Food-related toxicities are rare in cats. Most cats are imprinted with their food preferences as kittens. This means they will usually only eat foods they were exposed to regularly at a very young age and they tend to be more adventurous with house geckos than human food. It is, however, worth knowing which human foods need to be kept away from your cat.
Alcohol is an obvious one to avoid. It can cause vomiting, diarrhoea, breathing difficulties, coma and death. Raw bread dough containing yeast would be an unlikely food preference for a cat however if eaten, can lead to bloating and also produces alcohol as a by-product which is dangerous.
Chocolate contains theobromine while coffee and tea contain caffeine. These cause vomiting, diarrhoea, tremors, seizures and death if consumed in large enough amounts.
Grapes, sultanas and raisins can cause kidney failure.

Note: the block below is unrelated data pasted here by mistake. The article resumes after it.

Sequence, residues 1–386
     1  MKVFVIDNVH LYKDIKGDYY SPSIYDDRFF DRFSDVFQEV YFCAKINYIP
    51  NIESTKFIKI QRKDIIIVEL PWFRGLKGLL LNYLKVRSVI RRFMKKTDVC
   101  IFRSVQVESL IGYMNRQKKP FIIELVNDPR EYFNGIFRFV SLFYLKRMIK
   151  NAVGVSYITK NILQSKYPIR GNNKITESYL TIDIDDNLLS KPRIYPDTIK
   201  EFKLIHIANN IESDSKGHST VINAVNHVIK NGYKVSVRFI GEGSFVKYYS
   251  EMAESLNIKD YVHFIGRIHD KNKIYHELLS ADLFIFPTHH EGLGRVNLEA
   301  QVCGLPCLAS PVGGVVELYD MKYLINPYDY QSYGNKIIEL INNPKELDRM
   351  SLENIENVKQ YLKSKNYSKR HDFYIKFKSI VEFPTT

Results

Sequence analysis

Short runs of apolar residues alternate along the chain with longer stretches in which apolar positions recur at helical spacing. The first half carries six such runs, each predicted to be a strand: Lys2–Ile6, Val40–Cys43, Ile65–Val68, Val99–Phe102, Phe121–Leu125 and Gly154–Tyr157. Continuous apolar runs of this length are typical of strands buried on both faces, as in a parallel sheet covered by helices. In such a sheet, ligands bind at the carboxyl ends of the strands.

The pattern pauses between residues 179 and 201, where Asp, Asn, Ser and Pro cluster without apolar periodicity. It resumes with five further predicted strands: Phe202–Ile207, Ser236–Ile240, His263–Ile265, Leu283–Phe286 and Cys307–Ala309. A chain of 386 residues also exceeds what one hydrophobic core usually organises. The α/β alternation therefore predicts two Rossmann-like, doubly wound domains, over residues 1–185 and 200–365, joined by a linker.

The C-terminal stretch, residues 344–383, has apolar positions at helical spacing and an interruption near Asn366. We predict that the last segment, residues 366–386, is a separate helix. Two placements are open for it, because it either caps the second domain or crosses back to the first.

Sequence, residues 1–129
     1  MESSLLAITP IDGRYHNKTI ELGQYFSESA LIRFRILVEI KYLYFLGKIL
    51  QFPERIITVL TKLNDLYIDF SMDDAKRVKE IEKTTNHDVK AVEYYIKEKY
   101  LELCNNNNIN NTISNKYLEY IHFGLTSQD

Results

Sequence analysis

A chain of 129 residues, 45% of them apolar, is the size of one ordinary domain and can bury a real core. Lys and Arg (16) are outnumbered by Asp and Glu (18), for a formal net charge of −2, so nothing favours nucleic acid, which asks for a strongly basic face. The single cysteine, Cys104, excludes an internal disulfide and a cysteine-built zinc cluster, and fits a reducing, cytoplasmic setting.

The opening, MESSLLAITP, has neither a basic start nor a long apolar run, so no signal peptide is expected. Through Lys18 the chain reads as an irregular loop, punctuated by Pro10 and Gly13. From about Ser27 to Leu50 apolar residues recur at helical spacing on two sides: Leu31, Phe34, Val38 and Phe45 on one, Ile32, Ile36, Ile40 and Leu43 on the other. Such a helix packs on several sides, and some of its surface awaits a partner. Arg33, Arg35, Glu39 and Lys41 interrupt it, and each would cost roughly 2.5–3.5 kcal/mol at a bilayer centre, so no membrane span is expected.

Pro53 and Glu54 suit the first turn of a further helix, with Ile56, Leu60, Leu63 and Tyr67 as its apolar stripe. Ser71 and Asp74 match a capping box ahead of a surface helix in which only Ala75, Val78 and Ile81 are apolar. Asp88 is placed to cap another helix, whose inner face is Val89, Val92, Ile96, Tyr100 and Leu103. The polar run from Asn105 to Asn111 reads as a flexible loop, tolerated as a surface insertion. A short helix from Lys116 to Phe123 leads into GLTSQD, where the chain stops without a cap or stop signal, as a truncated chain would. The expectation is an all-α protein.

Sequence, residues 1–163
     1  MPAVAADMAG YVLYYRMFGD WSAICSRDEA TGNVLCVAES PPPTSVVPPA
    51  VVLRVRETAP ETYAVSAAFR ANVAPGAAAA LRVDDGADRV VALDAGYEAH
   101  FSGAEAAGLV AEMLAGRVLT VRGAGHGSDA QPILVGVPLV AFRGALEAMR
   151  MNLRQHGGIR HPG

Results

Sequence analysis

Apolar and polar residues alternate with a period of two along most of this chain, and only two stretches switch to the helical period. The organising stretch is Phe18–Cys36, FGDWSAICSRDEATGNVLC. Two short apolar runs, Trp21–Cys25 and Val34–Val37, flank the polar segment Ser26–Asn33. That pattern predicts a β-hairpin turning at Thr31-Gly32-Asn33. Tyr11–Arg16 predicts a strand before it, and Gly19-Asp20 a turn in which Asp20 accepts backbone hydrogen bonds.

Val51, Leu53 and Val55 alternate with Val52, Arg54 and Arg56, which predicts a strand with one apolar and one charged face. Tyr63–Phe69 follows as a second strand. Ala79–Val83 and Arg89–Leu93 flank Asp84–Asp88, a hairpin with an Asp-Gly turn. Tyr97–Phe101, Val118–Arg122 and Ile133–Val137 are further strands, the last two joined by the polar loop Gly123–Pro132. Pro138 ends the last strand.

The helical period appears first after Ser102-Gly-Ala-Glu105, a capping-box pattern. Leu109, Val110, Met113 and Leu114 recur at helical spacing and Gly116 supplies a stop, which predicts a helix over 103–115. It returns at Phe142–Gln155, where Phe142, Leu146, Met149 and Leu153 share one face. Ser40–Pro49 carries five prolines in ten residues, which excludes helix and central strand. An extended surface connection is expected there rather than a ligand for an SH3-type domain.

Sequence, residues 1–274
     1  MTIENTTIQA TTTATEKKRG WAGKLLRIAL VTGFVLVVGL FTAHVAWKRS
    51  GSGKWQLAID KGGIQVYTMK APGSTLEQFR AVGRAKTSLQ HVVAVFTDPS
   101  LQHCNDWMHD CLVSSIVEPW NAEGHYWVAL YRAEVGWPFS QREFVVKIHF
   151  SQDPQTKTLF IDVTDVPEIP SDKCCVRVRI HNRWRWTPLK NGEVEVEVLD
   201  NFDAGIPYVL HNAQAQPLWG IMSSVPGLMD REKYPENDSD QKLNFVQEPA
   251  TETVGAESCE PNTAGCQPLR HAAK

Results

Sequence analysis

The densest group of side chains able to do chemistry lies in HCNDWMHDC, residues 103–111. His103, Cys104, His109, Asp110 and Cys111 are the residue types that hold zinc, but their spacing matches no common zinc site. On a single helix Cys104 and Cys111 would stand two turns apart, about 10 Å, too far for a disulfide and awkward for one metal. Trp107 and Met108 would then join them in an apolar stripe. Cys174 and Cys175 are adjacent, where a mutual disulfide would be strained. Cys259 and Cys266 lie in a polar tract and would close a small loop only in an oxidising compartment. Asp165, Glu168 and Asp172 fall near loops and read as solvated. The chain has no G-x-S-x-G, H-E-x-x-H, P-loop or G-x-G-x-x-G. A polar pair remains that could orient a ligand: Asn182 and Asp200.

Citrus fruits contain citric acid which can cause an upset stomach, or in large amounts leads to diarrhoea, vomiting and central nervous system depression.
Onions, garlic, leeks, shallots and chives can cause gastric irritation, and technically can lead to red blood cell damage although clinical anaemia from consuming these is unlikely.
Xylitol is a common additive in chewing gum, mouth wash and sugar-free foods. It is well-know to be toxic in dogs and cats should also avoid it to be on the safe side, although they are unlikely to seek out many of these types of foods.
Risks of raw meat consumption and the merits of raw feeding are often debated. Without imparting an opinion here, it is worth noting that any raw food, including meat, fish and eggs, carries a risk of bacterial contamination which can lead to gastrointestinal upsets and more serious forms of food poisoning, especially in kittens under six months of age.
Dr Felicity Banks is a resident veterinarian at 4Legs
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